Stock sales in Canada may eclipse the $40.6 billion reached in 2010 as demand for capital spreads beyond the resource sector, said Philip Smith, Scotia Capital’s deputy head of global investment banking.
“This year promises to be above average, just based on the first quarter,” Smith said in an interview. “I think you’ll see much more activity in technology, media, telecom, consumer products and industrial products.”
The unit of Bank of Nova Scotia leads Canadian equity, equity-linked and preferred sales this year, the first time it’s led the ranking since the third quarter of 2009, according to data compiled by Bloomberg. The Toronto-based lender has advised on 25 deals worth $1.41 billion, including sales by Brookfield Asset Management Inc., Bell Aliant Corp. and Manulife Financial Corp.
“Finally you’re starting to see it’s a broad enough market that has real depth to it,” said Smith, 44. “Even though oil and gas and mining will be pretty strong, I don’t think they’re going to be as dominant going forward as they have been in the past two years.”
Canadian companies have raised $10.3 billion in 246 initial public offerings and secondary sales this year.
IPOs may also rebound after “climbing out of the chasm that was 2008,” Smith said. “Our IPO pipeline is pretty good; there are potentially a couple of very large IPOs in the back half of the year.”
There have been 31 IPOs in Canada this year worth $110 million, a plunge from 36 deals worth $1.85 billion in the year- earlier quarter, according to Bloomberg data.
Smith credited the 2008 hiring of Patrick Burke as head of institutional equity sales and the promotion of John Henderson as head of research for part of the bank’s recent success with stock sales and mergers. The investment bank has also increased research on foreign companies, adding 100 firms in Mexico, Peru, Colombia, the U.S. and elsewhere, in industries such as insurance and energy, over the past two years.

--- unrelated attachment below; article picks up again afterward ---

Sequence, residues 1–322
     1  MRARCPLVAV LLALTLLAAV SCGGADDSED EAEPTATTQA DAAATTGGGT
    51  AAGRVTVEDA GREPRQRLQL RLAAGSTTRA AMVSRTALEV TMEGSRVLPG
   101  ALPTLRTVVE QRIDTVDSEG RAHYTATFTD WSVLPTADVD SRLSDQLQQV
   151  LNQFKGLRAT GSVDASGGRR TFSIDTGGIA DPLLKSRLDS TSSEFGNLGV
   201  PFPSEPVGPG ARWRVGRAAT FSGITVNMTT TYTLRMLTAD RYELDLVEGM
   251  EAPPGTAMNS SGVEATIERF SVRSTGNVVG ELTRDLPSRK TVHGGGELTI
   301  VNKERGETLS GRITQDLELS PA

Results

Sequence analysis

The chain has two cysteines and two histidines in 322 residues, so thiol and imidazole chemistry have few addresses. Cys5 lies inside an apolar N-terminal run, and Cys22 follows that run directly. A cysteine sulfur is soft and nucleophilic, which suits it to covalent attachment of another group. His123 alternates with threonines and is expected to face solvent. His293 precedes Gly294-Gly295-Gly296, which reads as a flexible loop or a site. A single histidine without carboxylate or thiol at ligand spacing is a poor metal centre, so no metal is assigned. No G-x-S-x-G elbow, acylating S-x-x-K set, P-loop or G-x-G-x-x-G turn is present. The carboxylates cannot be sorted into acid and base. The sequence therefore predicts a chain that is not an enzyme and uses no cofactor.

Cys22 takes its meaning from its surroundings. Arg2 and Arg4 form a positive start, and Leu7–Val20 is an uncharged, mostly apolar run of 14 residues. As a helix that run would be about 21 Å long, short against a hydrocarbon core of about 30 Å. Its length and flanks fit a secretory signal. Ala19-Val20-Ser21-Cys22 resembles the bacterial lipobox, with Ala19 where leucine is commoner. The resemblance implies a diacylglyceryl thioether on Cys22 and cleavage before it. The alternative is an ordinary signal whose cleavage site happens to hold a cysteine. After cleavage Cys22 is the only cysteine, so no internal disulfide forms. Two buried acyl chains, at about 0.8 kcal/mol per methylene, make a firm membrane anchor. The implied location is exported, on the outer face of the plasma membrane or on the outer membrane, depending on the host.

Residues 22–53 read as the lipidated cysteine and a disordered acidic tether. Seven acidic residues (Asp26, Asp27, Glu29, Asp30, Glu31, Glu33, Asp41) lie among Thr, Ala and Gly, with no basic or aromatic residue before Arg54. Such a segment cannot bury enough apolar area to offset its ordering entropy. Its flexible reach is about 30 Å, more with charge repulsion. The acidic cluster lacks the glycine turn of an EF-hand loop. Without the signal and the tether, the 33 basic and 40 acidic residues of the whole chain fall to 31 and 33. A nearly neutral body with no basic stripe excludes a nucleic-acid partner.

“It’s time for us to look outside of Canada,” said Smith, whose team travels to Latin America every two weeks. “I expect that’s going to continue, but it’s going to be very sector- specific, where we see something that ties into our overall platform and also complements what our investing clients want.”
Smith, who also serves as chairman of the Investment Industry Association of Canada, was among the presenters before a Parliamentary committee on March 9 concerned about the proposed sale of TMX Group Inc. (X) to London Stock Exchange Group Plc. (LSE) While Scotiabank is one of the only Canadian banks that hasn’t voiced an opinion on the proposed transaction, Smith said IIAC members are “divided” on the deal.
The Canadian government, which will review the TMX transaction to see whether it will be of “net benefit” to Canada, may ask the companies to make changes to the transaction to guarantee that TMX-listed companies don’t become disadvantaged, Smith said.
“It suggests to me there’s enough political interest in it that they’ll come back looking for some changes,” Smith said. “They’ll throw it back to the (Toronto Stock Exchange) and LSE saying ‘come back with another deal.’”
Bank of Nova Scotia (BNS) is Canada’s third-largest bank by assets.
To contact the reporter on this story: Sean B. Pasternak in Toronto at email@example.com.